That engineer, Nader Mahmoudpour, told NBC News that “Mr. Freudenthal was exaggerating a bit.” He did work for a contractor, Dewberry, that makes FEMA flood maps, but only as a group leader, not the head of all coastal mapping. Still, there are a small number of coastal engineering experts, Mahmoudpour said, so connections do matter, at least to help with getting answers when a request is stalled. After he worked making FEMA flood maps, Mahmoudpour went to work as consultant for Flood Zone Correction in 2011, petitioning to change flood maps. Until he left in 2013, his applications were evaluated by another FEMA contractor, Michael Baker Corp., which handles the Southeast region.

Freudenthal said there’s nothing unusual about this sort of connection. “I think having a basic professional relationship with people you’re going to interact with is a positive thing. He can get a call back. Those people at FEMA aren’t going to do anything sketchy. You’re blaming us for being smart and hiring someone who knows what he’s doing.”

FEMA relied on Mahmoudpour’s engineering certification on the Gulf Coast applications, although he acknowledges he has never seen the properties or even visited these cities. Mahmoudpour, who lives and works in Maryland, is licensed in Alabama as well, and regulations from the state and from FEMA allow an engineer to certify data collected by others. Freudenthal explained, “There is no requirement to actually go to the site or do anything like that.”

Will fresh sand protect the buildings?

In Ocean Beach and Gulf Shores, Flood Zone Correction staked its engineering claims partly on protection by dunes. After Hurricane Ivan was finished, there were no dunes left on the beach. The cities spent money on a “beach nourishment” program, putting sand back on the beach and forming a thin barrier between the beach and the condos, standing about 6 feet to 12 feet above sea level.

But Smith, the Orange Beach floodplain administrator, said the sandy berm would provide scant protection during a big storm.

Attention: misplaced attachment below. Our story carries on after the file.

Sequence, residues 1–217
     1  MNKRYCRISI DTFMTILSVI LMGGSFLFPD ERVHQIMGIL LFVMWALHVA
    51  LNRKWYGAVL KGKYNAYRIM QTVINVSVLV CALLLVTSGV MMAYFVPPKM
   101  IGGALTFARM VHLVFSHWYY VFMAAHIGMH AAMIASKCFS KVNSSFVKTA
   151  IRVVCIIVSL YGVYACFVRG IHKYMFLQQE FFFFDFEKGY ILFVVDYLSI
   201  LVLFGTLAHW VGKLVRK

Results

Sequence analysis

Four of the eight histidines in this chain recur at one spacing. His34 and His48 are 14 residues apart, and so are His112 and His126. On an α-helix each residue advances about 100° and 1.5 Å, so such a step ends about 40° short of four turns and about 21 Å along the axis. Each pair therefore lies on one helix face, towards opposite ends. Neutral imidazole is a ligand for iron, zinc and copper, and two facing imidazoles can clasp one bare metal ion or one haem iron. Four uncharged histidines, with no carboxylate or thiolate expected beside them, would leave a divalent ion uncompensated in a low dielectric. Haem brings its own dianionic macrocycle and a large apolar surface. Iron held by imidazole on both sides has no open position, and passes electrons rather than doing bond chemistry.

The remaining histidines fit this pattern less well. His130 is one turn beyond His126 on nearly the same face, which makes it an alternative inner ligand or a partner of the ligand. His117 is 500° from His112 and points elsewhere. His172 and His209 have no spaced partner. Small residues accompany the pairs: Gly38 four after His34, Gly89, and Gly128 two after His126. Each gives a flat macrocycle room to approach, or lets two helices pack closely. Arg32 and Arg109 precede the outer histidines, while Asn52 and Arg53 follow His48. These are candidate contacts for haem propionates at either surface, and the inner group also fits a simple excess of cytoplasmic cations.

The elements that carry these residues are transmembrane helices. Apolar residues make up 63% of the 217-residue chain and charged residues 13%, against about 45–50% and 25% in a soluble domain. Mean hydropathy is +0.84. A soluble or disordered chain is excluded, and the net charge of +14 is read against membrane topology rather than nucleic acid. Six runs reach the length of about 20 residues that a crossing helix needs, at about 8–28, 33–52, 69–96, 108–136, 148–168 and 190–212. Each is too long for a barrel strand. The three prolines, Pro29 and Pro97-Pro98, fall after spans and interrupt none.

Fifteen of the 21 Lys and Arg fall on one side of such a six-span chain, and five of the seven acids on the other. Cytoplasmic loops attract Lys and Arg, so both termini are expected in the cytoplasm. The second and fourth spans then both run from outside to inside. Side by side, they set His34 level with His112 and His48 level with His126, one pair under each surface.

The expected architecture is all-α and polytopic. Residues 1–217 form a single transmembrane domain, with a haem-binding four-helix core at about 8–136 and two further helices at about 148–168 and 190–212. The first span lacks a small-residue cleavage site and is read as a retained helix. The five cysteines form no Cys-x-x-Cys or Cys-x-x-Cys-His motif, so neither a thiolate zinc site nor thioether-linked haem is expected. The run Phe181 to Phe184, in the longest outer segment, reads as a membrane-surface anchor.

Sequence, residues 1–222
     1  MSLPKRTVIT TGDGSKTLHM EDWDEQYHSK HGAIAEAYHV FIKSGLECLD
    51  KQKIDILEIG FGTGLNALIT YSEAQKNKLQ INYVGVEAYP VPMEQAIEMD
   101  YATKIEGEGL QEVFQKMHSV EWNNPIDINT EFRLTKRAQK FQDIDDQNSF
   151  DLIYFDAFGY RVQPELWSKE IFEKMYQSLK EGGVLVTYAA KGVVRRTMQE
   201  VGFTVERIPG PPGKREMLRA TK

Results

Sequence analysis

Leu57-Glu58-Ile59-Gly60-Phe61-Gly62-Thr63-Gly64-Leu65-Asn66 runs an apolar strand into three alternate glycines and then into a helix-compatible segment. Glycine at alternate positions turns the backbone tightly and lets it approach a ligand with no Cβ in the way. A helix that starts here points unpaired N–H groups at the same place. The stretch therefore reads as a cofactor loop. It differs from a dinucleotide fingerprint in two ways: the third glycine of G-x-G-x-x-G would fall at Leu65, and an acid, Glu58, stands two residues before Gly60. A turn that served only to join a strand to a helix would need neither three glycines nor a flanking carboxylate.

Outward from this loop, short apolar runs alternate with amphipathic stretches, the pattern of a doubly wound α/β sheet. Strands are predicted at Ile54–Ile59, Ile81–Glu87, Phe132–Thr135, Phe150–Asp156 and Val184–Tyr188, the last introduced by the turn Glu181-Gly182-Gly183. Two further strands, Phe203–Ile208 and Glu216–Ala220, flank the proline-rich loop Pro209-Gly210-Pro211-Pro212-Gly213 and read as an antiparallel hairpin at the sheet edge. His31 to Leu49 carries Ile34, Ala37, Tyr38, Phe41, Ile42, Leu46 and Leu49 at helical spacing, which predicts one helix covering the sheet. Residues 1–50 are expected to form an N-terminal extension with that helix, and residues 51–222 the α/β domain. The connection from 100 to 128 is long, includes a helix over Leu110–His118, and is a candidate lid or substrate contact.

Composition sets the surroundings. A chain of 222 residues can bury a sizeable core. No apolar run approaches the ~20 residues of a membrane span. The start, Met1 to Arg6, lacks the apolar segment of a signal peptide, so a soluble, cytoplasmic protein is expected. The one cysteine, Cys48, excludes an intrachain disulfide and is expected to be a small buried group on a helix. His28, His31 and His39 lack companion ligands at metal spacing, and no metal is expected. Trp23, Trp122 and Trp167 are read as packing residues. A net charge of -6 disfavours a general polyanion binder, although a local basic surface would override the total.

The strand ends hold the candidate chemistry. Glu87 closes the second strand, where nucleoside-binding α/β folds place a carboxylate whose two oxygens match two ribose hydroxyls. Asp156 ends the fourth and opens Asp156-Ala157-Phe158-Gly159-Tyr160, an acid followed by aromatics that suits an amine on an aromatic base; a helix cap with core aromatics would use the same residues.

“Those aren’t dunes,” Smith said. “This is beach nourishment. After Ivan, we dredged sand out of the Gulf. The next storm will put it right back into the Gulf. The next storm will tell us that these map changes are not a good idea. Katrina brought 30-foot waves. And we’re telling people, as long as you’re behind this berm, you’re OK. That’s ludicrous!”

For many years, FEMA’s rules said that beach nourishment couldn’t be counted as a protective dune unless it had well-established vegetation to hold it in place. The sand on the Orange Beach and Gulf Shores beaches has only a sparse sprinkling of sea oats.

In 2013, after it approved the changes for these beachfront condos, FEMA issued new guidance, saying that from now on it can consider beach nourishment as protection in some cases.

Image: A map shows condominium projects on the Gulf Coast. NBC News

See a map from NBC News with details of the condominium projects in Gulf Shores and Ocean Beach. Some of the condo projects have multiple buildings, making more than 60 buildings in all.

FEMA responds

Although FEMA would not make any official available for an interview on the record, and would not comment on specific map changes, spokesman Dan Watson issued this statement: “In order to ensure the public knows their flood risk and insurance is priced accurately, FEMA works with communities and property owners to incorporate the best available data into the nation’s flood maps. Individuals can request amendments and changes to the maps, but those requests must meet regulatory as well as scientifically established, technical requirements. … FEMA has no tolerance for fraud and we refer any allegations or suspicions of fraud to the Department of Homeland Security’s Inspector General.”

Property owners send their applications for map changes along with measurements and elevation data certified by an engineer or surveyor. These are evaluated by contractors for FEMA, which then issues the letter approving or denying the changes. Although the contractors do most of the work, FEMA said it has auditing procedures to check a random sample of the work done by its contractors.

“FEMA takes its responsibility for administering the National Flood Insurance Program seriously and is reviewing the cases presented by NBC to ensure they were properly processed,” Watson said in the statement. “FEMA strives to ensure that administrative actions are properly executed and meet all statutory and regulatory mandates. The data provided by applicants for LOMAs (letters of map amendment) and LOMRs (letters of map revision) are reviewed based on scientific, technical standards and approved or denied based on those standards. FEMA has monitoring, oversight, and audit processes in place to ensure the work performed by contractors follows proper procedures.”

One big question in regard to the map changes is this: Will FEMA, when it issues new flood maps in the future, override these one-at-a-time map changes — perhaps creating new work for companies like Flood Zone Correction — or will the map changes be “grandfathered in”? The FEMA spokesman said these will be decided one case at a time.

Image: The Phoenix West II condominium building, right, is one of dozens of buildings on the Gulf Coast beach in Orange Beach, Ala., that was moved from the highest-risk flood zone. Now insurance is optional for the owners of Phoenix West condos. John Brecher / NBC News